3 Tips for a Future-Proof Company
Waterloo University student Bjorn Dawson blogs about 3 key concepts he learned about GE Canada after spending a day with CEO Elyse Allen.
By: Bjorn Dawson
Background: Recently, I was offered the chance to spend the day with Elyse Allan, the CEO of GE Canada, through the CEOx1Day competition run by global executive search firm Odgers Berndtson. Elyse and her team at GE were incredibly receptive and what was clear is that this large corporation is becoming increasingly nimble as they continue to innovate.
Industrial innovation moved at an incredible pace right into the 1960s and 70s at which point it stopped. Only recently has non-IT innovation began again as we turn our attention as a society towards long term sustainability in an effort to curb an era of consumption. What follows are three important considerations for building a company that is relevant in the future:
1. Build solutions
Traditionally, most companies identify a gap and build a product to address and fill that gap. To remain competitive and continue innovating, however, companies must strive to develop full solutions to problems.
GE’s Hydro Turbines, for example, produce terrabytes worth of data annually that, without a data management specialist, is meaningless for their customers. What GE has done is create a software suite and services to support their customers and help them understand and utilize the information that is being gathered so that they can best operate their equipment.
2. Embrace the Global Brain
With over 300,000 employees worldwide, GE is last company that I expected to ‘outsource’ work. This amazingly powerful concept of harnessing what Elyse Allan refers to as the Global Brain, is the idea that you can post challenges online and find the best solutions in the most interesting places.
Through their GE Open Innovation Challenges, projects are published online and submissions are accepted from around the world. An engineer from Indonesia recently managed to reduce the weight of a bracket by 84% through one of these competitions, how amazing is that!
The important note here is that we now have the ability to innovate as a global community to ensure that we always find the best solutions.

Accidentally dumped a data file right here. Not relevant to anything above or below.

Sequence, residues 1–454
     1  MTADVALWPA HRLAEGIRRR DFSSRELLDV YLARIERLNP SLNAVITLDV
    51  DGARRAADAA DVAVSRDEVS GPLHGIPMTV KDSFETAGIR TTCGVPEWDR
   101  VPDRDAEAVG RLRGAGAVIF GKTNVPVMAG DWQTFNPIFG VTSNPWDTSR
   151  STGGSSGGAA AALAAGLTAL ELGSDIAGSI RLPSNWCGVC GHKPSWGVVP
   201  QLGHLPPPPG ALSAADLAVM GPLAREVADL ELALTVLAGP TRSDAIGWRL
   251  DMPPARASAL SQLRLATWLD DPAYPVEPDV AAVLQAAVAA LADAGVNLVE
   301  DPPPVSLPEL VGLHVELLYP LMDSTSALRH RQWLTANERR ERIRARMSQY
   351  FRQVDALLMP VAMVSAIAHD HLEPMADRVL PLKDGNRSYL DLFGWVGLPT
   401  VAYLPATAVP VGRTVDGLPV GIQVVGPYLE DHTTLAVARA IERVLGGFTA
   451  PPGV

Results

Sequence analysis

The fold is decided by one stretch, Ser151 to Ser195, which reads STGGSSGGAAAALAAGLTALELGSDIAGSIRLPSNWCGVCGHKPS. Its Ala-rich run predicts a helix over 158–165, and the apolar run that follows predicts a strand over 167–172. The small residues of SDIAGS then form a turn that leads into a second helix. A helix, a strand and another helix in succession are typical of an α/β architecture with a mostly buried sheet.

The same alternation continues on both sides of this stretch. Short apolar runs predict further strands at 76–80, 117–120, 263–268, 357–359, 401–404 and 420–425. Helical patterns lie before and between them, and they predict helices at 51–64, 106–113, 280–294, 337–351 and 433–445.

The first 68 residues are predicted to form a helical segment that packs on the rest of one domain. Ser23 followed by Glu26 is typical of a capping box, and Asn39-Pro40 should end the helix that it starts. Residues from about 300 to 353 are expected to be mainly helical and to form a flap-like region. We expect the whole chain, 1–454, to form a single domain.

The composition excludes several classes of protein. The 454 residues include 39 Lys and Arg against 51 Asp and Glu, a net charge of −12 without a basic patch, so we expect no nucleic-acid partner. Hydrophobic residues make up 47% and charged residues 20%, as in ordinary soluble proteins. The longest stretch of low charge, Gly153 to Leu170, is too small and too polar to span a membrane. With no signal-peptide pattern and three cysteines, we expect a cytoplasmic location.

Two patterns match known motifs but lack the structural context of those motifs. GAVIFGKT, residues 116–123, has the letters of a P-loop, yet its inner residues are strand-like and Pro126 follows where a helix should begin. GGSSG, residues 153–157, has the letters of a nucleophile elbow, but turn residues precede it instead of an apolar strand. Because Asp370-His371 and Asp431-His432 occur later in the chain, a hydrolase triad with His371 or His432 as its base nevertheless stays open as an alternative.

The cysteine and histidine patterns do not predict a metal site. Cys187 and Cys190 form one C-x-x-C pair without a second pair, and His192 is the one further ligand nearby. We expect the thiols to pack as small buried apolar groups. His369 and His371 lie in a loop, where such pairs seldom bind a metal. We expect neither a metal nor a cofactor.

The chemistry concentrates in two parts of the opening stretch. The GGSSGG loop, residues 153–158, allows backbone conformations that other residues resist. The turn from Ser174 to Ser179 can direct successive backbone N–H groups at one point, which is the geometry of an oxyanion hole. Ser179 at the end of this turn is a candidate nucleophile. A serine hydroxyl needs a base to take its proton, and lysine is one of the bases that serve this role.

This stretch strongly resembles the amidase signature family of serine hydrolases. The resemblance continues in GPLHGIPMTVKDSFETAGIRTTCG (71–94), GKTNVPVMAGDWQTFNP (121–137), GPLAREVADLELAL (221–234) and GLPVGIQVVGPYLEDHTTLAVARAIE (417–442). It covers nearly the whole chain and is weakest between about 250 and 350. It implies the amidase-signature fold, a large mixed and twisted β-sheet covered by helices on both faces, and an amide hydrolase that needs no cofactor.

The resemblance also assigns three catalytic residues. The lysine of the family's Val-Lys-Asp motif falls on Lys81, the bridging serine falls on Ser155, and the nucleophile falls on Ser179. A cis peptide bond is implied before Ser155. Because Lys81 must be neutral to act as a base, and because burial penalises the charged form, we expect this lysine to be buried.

3. Policy Matters
As part of a young generation of potential voters, I have noticed that a majority of my peers are not taking the time to become informed and to vote, which, in my opinion, is an alarming trend. What I did not realize, is how important it is to remain involved with policy at all times and not only during elections.
A company as large as GE, for example, makes multi-billion dollar decisions that can greatly affect local economies. On a smaller scale, understanding various trade agreements can help companies, and small businesses can benefit from tax incentives and subsidies, but it is up to those companies to push for change.
Bonus: The importance of women
As a female CEO, Elyse is in the minority group of female executives. The more we discussed the importance of ensuring the women are able to excel in the workplace, the more it became clear just how ingrained in a company these values must be. I highly suggest that any leader reads the McKinsey & Company report entitled “Unlocking the Full Potential of Women in the US Economy”. In short, there are a large number of skilled women who, if supported properly and given the opportunity to do so, have the potential to contribute greatly to individual businesses and the economy as a whole. As business leaders and exceptional employees, it is up to everyone to rectify this issue.